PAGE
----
Saturday, November 24, 2012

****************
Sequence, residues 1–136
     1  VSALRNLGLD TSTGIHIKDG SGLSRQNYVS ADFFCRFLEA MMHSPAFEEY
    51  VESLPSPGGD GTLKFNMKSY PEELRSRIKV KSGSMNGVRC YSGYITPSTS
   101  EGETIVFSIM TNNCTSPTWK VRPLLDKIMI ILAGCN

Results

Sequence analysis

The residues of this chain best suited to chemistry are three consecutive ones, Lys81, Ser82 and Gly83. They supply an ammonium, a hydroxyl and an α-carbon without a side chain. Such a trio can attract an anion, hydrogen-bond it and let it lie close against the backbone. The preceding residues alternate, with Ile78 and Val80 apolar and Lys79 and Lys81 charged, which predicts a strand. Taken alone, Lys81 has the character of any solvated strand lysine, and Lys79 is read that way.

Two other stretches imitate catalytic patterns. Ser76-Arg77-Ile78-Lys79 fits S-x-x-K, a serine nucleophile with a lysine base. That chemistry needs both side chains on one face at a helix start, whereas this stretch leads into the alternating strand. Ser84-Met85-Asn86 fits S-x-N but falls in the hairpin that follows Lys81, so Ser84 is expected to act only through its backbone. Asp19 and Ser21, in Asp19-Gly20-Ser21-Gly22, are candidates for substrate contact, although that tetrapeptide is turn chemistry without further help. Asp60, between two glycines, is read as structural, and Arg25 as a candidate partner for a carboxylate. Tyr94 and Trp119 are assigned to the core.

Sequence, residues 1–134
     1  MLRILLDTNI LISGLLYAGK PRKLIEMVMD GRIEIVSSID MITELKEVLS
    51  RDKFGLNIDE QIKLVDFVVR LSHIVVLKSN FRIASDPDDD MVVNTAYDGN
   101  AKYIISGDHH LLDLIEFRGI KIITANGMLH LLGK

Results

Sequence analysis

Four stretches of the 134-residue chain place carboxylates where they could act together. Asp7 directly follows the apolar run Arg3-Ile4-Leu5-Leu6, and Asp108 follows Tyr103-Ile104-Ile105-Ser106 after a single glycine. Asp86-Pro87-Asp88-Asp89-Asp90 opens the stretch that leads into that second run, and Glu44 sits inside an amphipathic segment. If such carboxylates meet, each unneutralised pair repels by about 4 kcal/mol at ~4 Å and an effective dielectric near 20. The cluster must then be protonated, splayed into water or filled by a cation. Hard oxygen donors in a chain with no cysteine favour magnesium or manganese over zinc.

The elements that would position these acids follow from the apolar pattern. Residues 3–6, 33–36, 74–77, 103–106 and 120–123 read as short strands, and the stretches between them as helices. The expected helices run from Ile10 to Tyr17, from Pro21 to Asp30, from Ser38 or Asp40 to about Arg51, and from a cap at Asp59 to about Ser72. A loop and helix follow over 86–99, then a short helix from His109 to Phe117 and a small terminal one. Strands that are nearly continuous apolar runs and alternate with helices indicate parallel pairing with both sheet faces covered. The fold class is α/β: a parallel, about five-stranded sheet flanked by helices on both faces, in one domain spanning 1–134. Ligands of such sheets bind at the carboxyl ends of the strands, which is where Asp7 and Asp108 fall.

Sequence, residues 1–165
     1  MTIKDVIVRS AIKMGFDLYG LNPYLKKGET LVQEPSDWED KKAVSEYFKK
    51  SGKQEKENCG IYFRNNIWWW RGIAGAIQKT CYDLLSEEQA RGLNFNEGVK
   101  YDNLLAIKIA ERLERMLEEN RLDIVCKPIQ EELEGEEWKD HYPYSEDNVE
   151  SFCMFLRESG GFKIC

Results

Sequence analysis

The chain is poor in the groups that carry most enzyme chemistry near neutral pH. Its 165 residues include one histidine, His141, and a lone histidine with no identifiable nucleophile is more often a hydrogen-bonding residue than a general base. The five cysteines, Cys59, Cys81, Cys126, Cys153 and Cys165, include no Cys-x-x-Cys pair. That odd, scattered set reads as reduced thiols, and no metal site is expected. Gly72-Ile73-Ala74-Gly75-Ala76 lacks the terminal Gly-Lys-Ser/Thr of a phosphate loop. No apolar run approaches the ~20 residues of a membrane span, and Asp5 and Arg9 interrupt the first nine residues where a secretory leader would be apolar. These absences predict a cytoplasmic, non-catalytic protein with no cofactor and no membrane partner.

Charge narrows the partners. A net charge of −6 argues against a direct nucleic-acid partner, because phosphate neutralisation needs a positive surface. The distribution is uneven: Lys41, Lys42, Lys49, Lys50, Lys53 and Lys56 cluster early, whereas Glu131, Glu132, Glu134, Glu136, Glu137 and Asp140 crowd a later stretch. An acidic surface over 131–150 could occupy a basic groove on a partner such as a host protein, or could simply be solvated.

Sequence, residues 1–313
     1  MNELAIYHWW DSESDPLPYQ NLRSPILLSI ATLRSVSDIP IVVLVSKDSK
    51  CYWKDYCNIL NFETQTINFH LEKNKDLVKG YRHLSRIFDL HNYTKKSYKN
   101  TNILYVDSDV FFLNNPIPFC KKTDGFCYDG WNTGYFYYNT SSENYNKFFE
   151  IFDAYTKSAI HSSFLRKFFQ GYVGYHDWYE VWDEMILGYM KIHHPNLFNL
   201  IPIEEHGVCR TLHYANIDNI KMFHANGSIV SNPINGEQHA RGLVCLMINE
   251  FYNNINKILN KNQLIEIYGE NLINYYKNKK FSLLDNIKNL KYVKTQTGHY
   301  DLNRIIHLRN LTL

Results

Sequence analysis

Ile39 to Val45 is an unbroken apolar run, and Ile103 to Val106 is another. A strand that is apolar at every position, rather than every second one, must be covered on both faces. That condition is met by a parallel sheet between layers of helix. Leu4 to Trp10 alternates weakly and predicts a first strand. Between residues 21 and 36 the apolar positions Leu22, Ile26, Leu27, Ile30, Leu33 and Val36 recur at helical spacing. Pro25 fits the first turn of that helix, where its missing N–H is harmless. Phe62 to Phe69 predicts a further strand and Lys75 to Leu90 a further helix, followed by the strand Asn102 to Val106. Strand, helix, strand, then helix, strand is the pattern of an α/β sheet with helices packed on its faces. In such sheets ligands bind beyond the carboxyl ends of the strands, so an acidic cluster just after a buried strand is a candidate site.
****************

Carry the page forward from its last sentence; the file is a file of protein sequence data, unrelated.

Article and Video Courtesy of Channel 12 Action News By Ken Amaro Published November 21, 2012 Watch VIDEO JACKSONVILLE, Fla. -- Since the economic downturn, homeowners have had to choose between paying their HOA fees and meeting their everyday needs. "We have seen a significant increase in HOA delinquencies," said Attorney Fred Elefant. David Kordek is one of the statistics. "My biggest fear is being without a home," said Kordek. Kordek is trying to hold on to his East Arlington Home. Recently he had his mortgage modified but now he's facing another hurdle -- a foreclosure for late HOA fees. "It is very stressful on my wife and I," said Kordek. "I contacted the homeowners association as soon as we were granted the home mortgage modification after fighting with that for three-and-a-half years." Kordek is behind on his HOA fees. The past due amount is approximately $1,400 including late penalties, and attorney fees. "People don't care about people anymore. Everything is just about money and that's it," he said. Kordek lost his job in 2009. Real estate attorney Elefant said that's when they saw a significant increase in property owners falling on HOA fees. Kordek said he had no choice. "We had three years of not nice holidays with no money. We're going to have a fourth, but on the bright side, I have a job," he said Kordek said his wife is battling liver cancer and that has added to his already stressful situation. "When you compute all our bills, all we have is $301.76 left over," said Kordek. Under Florida statute, an HOA can foreclose on his home to collect the past due fees. Kordek finds it hard to believe that he could lose the 17 years he has invested into his home for past due HOA fees that amount to about $1,400. The reality is he can, and now he feels the grip on his home slipping. "Its like a roller coaster ride," said Kordek, "You fight and fight and then you find way to clear a hurdle. Then you think you're going to move forward and then another hurdle and then you're looking at 'how do I deal with this?'" Your home is normally exempted from such claims, except for your bank and your HOA. Attorney Elefant said a property owner can seek bankruptcy protection or appeal to the HOA. Charlene Thompson is with Kordek's HOA and said they will discuss his case at the December meeting. Thompson said the decision to move forward with a foreclosure or to work out an agreement will be made by the HOA board of directors.